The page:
PURCHASER’S REMEDY IF SELLER DIES BEFORE REGISTRATION OF TRANSFER OF LAND TO PURCHASER

Where there is an agreement for the sale of land and the seller dies before registration of the transfer, the purchaser may be at a loss on the way forward. Under section 43 (3) of the Land Act, 2012, a transfer is completed by the registration of the transferee as proprietor of land. In other words, before registration, the transfer is not complete and the property still belongs to the registered owner.

Upon death, the property of the deceased vests in his personal representatives. Under section 51 of the Law of Succession Act, the administrator of the estate of a deceased holds the land subject to any liabilities, rights and interests that are unregistered but nevertheless enforceable and subject to which the deceased held the land.

Once one gets into an agreement for the sale of land and the purchaser pays the purchase price, he becomes a creditor of the seller. The seller has an obligation to transfer his interest over the land to the buyer. Therefore, if the seller unfortunately dies before the transfer is registered, he dies indebted to the purchaser.

The purchaser’s remedy in that case is to claim against the estate of the deceased seller as a creditor to his estate. the purchaser’s claim should be directed to the personal representatives of the deceased as at that point the property vests in them and they have the legal power to deal with the property as the grant.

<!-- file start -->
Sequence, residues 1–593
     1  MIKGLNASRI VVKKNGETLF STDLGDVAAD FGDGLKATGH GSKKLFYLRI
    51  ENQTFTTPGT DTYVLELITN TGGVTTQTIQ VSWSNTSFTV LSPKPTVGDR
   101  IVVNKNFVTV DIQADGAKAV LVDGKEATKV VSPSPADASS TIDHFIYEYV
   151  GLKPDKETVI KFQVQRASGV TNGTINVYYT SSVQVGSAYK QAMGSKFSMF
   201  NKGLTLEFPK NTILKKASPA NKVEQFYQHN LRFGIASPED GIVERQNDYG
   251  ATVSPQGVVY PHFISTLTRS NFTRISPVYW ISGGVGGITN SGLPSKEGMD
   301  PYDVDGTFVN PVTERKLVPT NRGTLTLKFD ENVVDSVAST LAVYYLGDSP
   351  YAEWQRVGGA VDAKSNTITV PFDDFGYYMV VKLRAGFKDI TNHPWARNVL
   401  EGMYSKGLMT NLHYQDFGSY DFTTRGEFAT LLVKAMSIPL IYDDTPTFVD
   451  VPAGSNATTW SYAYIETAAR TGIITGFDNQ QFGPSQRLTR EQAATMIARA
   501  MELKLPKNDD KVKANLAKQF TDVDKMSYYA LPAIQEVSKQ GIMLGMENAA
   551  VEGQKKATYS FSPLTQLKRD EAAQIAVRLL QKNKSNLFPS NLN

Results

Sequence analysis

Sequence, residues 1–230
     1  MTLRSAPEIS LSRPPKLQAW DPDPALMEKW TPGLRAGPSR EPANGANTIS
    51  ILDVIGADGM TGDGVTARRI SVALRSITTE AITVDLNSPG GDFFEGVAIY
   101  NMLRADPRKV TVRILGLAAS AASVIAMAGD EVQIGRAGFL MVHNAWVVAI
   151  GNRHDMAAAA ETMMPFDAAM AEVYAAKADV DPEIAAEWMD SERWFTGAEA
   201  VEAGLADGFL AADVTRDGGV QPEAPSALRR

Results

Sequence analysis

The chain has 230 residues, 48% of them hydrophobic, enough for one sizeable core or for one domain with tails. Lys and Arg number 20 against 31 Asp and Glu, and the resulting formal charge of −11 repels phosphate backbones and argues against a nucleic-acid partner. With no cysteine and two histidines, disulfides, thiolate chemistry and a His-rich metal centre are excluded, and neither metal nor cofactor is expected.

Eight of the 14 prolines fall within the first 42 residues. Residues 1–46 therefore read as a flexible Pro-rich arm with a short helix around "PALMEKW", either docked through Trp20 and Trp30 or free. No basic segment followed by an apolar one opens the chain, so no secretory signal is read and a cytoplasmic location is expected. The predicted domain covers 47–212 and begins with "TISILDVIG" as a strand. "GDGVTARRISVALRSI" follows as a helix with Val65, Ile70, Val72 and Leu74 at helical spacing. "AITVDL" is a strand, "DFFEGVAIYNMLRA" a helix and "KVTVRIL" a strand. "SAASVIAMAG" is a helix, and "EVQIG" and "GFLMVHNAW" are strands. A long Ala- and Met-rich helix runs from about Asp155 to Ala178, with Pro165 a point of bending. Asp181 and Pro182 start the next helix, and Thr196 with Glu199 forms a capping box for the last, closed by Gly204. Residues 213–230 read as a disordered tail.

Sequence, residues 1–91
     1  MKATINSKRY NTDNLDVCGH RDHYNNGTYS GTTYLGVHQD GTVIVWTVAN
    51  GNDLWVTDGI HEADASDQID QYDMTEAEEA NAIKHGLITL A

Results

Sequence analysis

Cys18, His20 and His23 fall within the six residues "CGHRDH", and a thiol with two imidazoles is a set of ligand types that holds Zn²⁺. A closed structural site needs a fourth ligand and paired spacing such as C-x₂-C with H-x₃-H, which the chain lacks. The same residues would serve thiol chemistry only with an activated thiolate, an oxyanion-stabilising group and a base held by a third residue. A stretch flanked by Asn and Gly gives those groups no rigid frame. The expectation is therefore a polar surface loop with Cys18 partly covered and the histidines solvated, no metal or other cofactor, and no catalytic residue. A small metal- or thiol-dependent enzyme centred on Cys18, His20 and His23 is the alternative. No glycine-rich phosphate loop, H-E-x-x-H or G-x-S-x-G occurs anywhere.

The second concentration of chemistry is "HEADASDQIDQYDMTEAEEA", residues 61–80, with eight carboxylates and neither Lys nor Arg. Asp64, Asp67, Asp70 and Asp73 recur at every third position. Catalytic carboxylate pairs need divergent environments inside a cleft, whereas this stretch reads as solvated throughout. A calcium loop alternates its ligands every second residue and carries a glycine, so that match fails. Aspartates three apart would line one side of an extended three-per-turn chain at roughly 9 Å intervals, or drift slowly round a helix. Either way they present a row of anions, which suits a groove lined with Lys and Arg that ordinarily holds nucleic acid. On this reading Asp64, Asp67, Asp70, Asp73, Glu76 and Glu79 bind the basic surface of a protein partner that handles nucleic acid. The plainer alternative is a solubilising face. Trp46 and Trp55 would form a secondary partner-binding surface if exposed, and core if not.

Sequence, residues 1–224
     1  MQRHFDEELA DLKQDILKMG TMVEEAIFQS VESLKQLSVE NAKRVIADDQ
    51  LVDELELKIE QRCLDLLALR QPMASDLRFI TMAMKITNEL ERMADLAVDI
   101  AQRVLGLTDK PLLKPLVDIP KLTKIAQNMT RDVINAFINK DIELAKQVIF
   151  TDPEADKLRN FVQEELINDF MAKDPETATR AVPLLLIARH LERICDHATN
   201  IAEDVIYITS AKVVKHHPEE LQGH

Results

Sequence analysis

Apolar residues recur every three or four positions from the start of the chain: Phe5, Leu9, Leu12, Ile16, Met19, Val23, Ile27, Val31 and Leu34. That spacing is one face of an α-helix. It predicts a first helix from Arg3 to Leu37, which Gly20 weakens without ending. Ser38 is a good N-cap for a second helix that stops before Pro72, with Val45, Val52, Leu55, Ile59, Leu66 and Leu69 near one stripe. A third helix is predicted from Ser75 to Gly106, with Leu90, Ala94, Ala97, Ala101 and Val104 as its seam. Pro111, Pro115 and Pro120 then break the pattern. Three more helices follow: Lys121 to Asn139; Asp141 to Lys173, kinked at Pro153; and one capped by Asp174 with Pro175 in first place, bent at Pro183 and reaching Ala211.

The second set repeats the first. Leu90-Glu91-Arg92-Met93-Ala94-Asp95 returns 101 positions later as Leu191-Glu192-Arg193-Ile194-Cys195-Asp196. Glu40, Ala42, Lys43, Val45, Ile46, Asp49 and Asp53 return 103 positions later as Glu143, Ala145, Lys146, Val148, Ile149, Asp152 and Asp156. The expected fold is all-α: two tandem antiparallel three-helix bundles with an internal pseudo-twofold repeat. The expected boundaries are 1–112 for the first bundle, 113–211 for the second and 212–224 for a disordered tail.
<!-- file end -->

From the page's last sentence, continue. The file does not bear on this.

If the personal representatives had obtained a grant and had it confirmed in such a manner that the land subject of the agreement of sale would devolve to a beneficiary of the deceased and thus cut out the purchaser, the purchaser may make an application seeking to revoke that grant. In this case, the purchaser will approach the court under section 76 of the Law of Succession Act as an interested party.

Section 76 states that A grant of representation, whether or not confirmed, may at any time be revoked or annulled if the court decides, either on application by any interested party or of its own motion that the grant was obtained fraudulently by the making of a false statement or by the concealment from the court of something material to the case. The court in the case of Musa Nyaribari Gekone & 2 others v Peter Miyienda & Another (2015) eKLR defined the term ‘interested party’ as used under section 76 to include a purchaser.

This therefore means that the purchaser may apply to court to have the grant revoked if he can prove that the administrators obtained the grant fraudulently. In this case, he would have to show the court that the administrators were fully aware of his interest over the property but they nevertheless went ahead to apply for confirmation of grant which would take away the purchaser’s interest over the property. The purchaser is a creditor to the property and has the right to seek refund of the purchase price from the estate of the deceased seller.

 

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